As an investor, it’s reassuring to know that there’s always – somewhere – a bull market going on.
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For example, when the Asian financial crisis slammed Southeast Asia’s economies in 1997 – with some markets losing 80 percent of their value in 12 months – the Dow Jones Industrial Average soared 24 percent over the next year.
And when the S&P 500 dropped 21 percent and the Nasdaq collapsed 71 during the dot-com bust, China’s Shanghai Composite Index was a safe haven, delivering a 6 percent gain.
More recently, with major Asian markets down between 5 percent and 14 percent since the start of the year on growing trade war tensions, the Russian stock index is up a respectable 11 percent (maybe even partly thanks to the “World Cup Host Effect,” which we wrote about here.
Given perfect capital mobility, you could hop from one market to the next, avoiding bear markets and finding bull markets all across the world.
For the smart money, being able to do this is an enormous advantage.
And thanks to the growing popularity and increasing variety of exchange-traded funds (ETFs), country-specific asset reallocation is at the fingertips of everyday investors.
An ETF for every country
ETFs are financial products that offer the benefits of pooled investing. ETFs are great tools to diversify your portfolio in a financial instrument that is professionally managed and regulated.
ETFs, by nature, are traded on a stock exchange and can be bought or sold just like any regular listed-company share.
As for their stock holdings, an ETF often tracks a benchmark – an existing index like the S&P 500 Index or the MSCI China Index – and is designed to track its performance as closely as possible.
The first ETF that was ever offered was the SPDR S&P 500 ETF (NYSE; ticker: SPY), which was launched in January 1993. It’s designed to provide investment results that, before expenses, generally correspond to the price and yield performance of the S&P 500 Index.
Because of the convenience it offered to ordinary investors and fund managers, SPY became enormously popular. Today, it holds more than US$250 billion in assets under management.
Since then, hundreds of ETFs have been created on exchanges all around the world. As of the end of 2017, the total assets held by ETFs was an astonishing US$5 trillion. You can invest in almost any asset with an ETF. And moreover, of the 60 stock exchanges around the world, there are now 44 countries with ETFs.
These markets have ETFs that are traded in New York, which makes them accessible to investors who can buy U.S.-listed shares. Other markets across the world have listed country ETFs as well.
But if you’re looking to mimic the actual stock market movement in countries through ETFs, buyer beware.
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This is why country ETFs underperform
One common misconception about country ETFs is that they perform largely in line with their respective stock exchange indices. For example, the SPY should perform similarly to the S&P 500 Index.
But a closer look at many of the largest country ETFs tells a different story.
The table above shows the one-year and five-year performance of major listed country ETFs relative to the stock exchange index of the country they look to replicate.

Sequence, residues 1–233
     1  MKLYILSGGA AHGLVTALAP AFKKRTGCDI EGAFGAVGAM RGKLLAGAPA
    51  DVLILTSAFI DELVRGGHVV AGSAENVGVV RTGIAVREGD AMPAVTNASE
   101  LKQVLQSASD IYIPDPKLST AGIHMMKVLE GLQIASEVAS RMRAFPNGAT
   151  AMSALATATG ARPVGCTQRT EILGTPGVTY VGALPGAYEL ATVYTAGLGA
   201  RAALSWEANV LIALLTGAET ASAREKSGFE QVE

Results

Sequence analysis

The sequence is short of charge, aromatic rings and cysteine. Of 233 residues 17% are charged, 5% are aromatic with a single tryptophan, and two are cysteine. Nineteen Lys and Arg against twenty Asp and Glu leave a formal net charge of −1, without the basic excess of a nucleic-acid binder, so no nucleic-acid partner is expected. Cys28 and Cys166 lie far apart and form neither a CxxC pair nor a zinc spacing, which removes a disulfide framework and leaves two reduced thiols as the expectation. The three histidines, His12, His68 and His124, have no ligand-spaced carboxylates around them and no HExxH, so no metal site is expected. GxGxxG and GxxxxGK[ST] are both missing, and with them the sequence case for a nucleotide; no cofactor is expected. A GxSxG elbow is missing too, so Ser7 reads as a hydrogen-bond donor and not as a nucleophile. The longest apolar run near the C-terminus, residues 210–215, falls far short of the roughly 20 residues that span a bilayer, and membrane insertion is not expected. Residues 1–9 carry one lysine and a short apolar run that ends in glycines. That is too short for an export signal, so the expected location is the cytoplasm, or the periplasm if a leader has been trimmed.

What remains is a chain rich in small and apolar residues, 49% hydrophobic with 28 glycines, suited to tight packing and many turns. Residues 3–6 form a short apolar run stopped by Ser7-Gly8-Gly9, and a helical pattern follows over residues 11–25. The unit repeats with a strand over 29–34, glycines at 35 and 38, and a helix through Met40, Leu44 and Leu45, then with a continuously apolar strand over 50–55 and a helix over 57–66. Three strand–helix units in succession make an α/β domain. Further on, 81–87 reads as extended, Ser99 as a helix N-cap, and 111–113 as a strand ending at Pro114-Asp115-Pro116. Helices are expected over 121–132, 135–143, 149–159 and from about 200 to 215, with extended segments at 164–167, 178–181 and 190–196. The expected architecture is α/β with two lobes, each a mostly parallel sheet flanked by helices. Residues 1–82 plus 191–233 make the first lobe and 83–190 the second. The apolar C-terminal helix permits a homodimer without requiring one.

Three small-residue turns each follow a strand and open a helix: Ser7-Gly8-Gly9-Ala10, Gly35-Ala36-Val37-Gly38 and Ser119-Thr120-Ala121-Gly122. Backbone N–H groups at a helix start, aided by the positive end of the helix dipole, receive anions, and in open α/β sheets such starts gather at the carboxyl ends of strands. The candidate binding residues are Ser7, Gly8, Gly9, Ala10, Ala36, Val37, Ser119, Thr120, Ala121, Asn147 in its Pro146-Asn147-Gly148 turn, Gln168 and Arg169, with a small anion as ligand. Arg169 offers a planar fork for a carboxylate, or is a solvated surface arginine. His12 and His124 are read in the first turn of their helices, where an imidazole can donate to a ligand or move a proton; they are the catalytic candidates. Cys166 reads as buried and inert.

Out of the 10 country ETFs shown above, only one of them has outperformed its underlying stock market. That’s the iShares China Large-Cap ETF (NYSE; ticker: FXI).
The other nine ETFs underperformed their underlying markets, with many of them grossly underperforming in the long term.
The iShares MSCI Japan ETF (NYSE; ticker: EWJ), for instance, underperformed the Nikkei 225 Index by an enormous 18.4 percentage points over the last five years.
Looking at India, one of the world’s best-performing markets in recent years, the Invesco India ETF (NYSE; ticker: PIN) underperformed the Nifty 50 Index by 16.3 percentage points.
There are many reasons why country ETFs underperform their underlying stock markets.
One of the biggest is that country ETFs often follow benchmarks that differ in composition and weighting from the stock market indices themselves.
For example, the Invesco India ETF tracks the Indus India Index as its benchmark instead of the Nifty 50 Index. And while the Indus India Index is designed to represent the Indian equity markets as a whole, with 50 Indian stocks spread among various sectors, they aren’t the same as those that make up the Nifty 50 Index.
The two largest holdings of the Invesco India ETF are conglomerate Reliance Industries (10 percent) and technology giant Infosys Limited (10 percent). But the two largest holdings in the Nifty 50 Index are banking stocks, HDFC Bank (9.4 percent) and HDFC Limited (7.5 percent).
Another reason country ETFs underperform is expenses. Investors have to pay fees regardless of whether the value of the ETF rises or falls. This has the effect of hurting the ETF’s performance relative to the underlying benchmark index (which carries no fees).
Most country ETFs have annual expense ratios ranging between 0.5 percent to 0.7 percent. That means even if the fund matched the index perfectly,, the performance of the fund would lag that of the index.
But as long as you’re able to identify countries that are about to experience above-average growth for a sustained period (such as Bangladesh, which we’ve written about previously here and here), the potential gains should more than offset the ongoing expenses.
Country ETFs are still safe and reliable ways to diversify from you home market and into markets experiencing significantly better growth and potential. But it’s important to consider that they can still underperform their underlying country indices over the long term. And they do have ongoing fees that will start to eat away at your capital the longer you hold them.
Editor, Stansberry Churchouse Research